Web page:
One key to an effective training program (as described in my book Your Competition Handgun Training Program) is that training sessions must be done at regular intervals. My failure to train in low light with my rifle absolutely affected my performance, and I felt out of place during the session. I could feel this right away in the activation of the light as well as my manipulation of the rifle system in total darkness. I try to practice what I preach, because the longer-than-normal break I’d taken definitely affected my results here. Easy fix—I will be logging more low-light sessions in the future.

Watch the Splashback!

This session consisted of using some barricades that simulated wall corners or the edge of a piece of cover. Although I spent a portion of the night training in the open just working on illuminating, shooting and scanning the threat area, adding a barricade demonstrated the incredible importance of ensuring that the light did not splash back in my face, blinding me in the process.

This is what happens when you mount the light and do not allow the beam to miss the wall--serious splashback of the light right into your eyes!

This is what happens when you mount the light and do not allow the beam to miss the wall–serious splashback of the light right into your eyes!

Another observation in relation to that concept is that the shadow caused by the edge of the barricade can easily hide a potential threat downrange. The light must be used in a manner that illuminates what needs to be seen without exposing too much of the rifle and operator, all while paying attention to the potential for splashback. Staying a proper distance from cover is a big part of this lighting equation.

Have a Backup Plan

When I teach low-light shooting with a handgun, I always tell students to carry a backup light. Most rifle shooters have a weapon-mounted light that’s a great piece of gear, but what if it fails? A handheld light is a viable option when your weapon-mounted light goes down, but using such a light is a unique skill that must be learned and trained. Don’t expect to master it in the middle of a fight! During my training session, I bumped the switch on the rear portion of my light, causing it to turn off. When the light failed (due to operator error), I resorted to using my handheld light, a skill that’s tricky with a rifle because you lose the ability to grip the hand guard the same way you normally do.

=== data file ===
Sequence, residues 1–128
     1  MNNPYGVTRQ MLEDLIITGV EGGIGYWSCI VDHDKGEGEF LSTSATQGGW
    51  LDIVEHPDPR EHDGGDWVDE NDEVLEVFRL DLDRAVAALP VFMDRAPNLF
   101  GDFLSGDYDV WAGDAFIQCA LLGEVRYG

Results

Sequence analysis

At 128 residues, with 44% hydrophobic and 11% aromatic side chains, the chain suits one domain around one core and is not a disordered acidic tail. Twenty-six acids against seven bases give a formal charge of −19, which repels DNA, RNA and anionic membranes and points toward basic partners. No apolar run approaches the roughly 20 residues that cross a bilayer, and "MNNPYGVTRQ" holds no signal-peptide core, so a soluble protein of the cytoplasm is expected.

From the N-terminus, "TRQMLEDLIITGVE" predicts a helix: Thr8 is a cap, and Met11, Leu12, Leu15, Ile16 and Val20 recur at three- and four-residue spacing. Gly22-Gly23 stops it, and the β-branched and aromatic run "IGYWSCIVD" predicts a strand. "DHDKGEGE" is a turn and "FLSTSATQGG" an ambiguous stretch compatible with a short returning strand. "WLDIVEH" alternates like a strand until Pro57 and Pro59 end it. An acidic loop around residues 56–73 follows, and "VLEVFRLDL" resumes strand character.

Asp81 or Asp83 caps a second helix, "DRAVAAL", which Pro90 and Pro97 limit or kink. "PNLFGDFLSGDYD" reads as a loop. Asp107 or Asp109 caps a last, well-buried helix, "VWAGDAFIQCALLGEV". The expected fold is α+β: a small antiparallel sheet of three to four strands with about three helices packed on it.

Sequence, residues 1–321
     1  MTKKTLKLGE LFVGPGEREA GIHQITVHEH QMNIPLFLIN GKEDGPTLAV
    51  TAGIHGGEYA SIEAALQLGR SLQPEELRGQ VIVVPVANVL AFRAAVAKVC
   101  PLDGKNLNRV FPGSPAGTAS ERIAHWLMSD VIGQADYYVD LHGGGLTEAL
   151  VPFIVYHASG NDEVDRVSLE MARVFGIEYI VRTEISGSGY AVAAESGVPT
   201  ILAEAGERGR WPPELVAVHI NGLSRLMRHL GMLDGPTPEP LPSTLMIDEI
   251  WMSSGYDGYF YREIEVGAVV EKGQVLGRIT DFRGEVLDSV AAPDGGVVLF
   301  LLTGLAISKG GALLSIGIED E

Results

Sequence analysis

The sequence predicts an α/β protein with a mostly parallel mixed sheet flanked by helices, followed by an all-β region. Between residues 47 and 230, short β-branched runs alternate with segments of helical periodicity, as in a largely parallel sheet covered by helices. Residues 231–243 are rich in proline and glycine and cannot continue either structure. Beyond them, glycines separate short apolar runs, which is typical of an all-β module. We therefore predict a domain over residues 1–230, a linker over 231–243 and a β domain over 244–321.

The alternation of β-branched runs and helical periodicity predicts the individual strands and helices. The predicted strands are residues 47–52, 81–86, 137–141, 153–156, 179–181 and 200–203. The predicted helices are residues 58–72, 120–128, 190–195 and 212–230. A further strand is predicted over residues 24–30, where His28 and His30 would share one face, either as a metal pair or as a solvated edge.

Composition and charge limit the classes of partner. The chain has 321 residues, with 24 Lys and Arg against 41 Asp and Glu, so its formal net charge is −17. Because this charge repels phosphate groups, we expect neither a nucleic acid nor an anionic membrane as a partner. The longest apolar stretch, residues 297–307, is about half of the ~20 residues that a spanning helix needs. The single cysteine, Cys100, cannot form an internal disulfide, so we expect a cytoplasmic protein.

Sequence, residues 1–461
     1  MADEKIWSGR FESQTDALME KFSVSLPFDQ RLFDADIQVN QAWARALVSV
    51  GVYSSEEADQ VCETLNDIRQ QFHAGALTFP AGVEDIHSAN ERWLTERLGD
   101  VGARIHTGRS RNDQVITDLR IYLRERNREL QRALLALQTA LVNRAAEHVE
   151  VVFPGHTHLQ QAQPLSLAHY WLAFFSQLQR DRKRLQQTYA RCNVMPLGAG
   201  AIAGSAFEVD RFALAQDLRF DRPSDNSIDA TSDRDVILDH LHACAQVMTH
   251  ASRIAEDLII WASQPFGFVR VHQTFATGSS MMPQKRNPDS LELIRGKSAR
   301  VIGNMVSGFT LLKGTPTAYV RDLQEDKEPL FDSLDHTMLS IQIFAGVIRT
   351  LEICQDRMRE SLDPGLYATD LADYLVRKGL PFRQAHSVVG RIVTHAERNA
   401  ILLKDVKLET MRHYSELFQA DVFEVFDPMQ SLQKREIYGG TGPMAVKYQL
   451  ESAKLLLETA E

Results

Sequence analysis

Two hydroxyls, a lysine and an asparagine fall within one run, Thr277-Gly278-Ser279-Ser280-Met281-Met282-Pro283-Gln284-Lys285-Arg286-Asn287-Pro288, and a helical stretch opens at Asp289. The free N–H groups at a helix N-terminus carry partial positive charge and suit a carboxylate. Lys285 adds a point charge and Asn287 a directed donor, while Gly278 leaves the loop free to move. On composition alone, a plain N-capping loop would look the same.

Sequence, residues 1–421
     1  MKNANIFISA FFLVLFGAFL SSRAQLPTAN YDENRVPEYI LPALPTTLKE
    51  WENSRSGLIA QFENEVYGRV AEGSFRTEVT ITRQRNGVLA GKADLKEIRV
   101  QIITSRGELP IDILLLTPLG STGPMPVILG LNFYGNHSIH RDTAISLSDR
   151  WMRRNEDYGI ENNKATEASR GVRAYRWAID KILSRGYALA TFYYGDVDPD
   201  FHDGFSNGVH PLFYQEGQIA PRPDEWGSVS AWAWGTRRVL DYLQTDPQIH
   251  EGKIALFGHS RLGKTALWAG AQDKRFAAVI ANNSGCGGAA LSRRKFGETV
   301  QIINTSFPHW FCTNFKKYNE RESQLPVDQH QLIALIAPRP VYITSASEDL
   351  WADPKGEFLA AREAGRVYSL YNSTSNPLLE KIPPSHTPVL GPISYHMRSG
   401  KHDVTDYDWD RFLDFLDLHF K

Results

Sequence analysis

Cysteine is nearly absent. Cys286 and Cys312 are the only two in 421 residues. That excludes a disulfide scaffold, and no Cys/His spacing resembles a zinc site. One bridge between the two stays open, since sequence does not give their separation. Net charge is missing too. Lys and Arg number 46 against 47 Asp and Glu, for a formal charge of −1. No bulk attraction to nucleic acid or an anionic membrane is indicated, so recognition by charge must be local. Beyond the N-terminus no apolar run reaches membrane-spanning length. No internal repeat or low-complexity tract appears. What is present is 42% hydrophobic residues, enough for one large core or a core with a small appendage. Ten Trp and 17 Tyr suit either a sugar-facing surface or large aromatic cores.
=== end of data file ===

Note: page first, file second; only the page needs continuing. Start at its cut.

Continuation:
Test and Modify Your Gear

This was the biggest lesson learned. While I knew that the twelve o’clock mounting position of the light was not the best option, I had convinced myself that at the ranges I would likely operate my rifle, the smoke obscuring my vision would not be an issue. I was wrong! Even at closer ranges of ten yards, the smoke became an issue with multiple rounds fired. And with the light mounted at twelve o’clock, the smoke issue was huge, especially when using an optic (an Aimpoint C3 in this case). Without testing the light in live fire, I would not have realized how much the smoke would obscure my vision.

This is where I recommend mounting the light, as opposed to twelve, three, or nine o’clock.

This is where I recommend mounting the light, as opposed to twelve, three, or nine o’clock.

At more than 50 yards, the smoke completely covered the targets and kept me from shooting for a second or so until it cleared enough for me to see the next target. After I mounted the light at the six o’clock position, the smoke problems became almost nonexistent, due to the fact that the light was no longer illuminating the smoke in front of my scope. As stated before, the three and nine o’clock positions are not recommended because of the increase in splashback that the shooter will get from those positions. See the photo (left) for exactly how and where I mounted my light.

In addition, I had a new piece of gear on the rifle that I had not used before, a B.A.D. Lever. Made by Magpul, this is a unique device that allows the operator to lock or release the bolt with the trigger finger of the shooting hand. While the B.A.D. Lever worked great, the user did not! I found myself forgetting to use it and not using it properly.

The point: Train regularly with the gear you have on your gun. If it doesn’t work (as in the case of the twelve o’clock mounting position of my light), then modify it.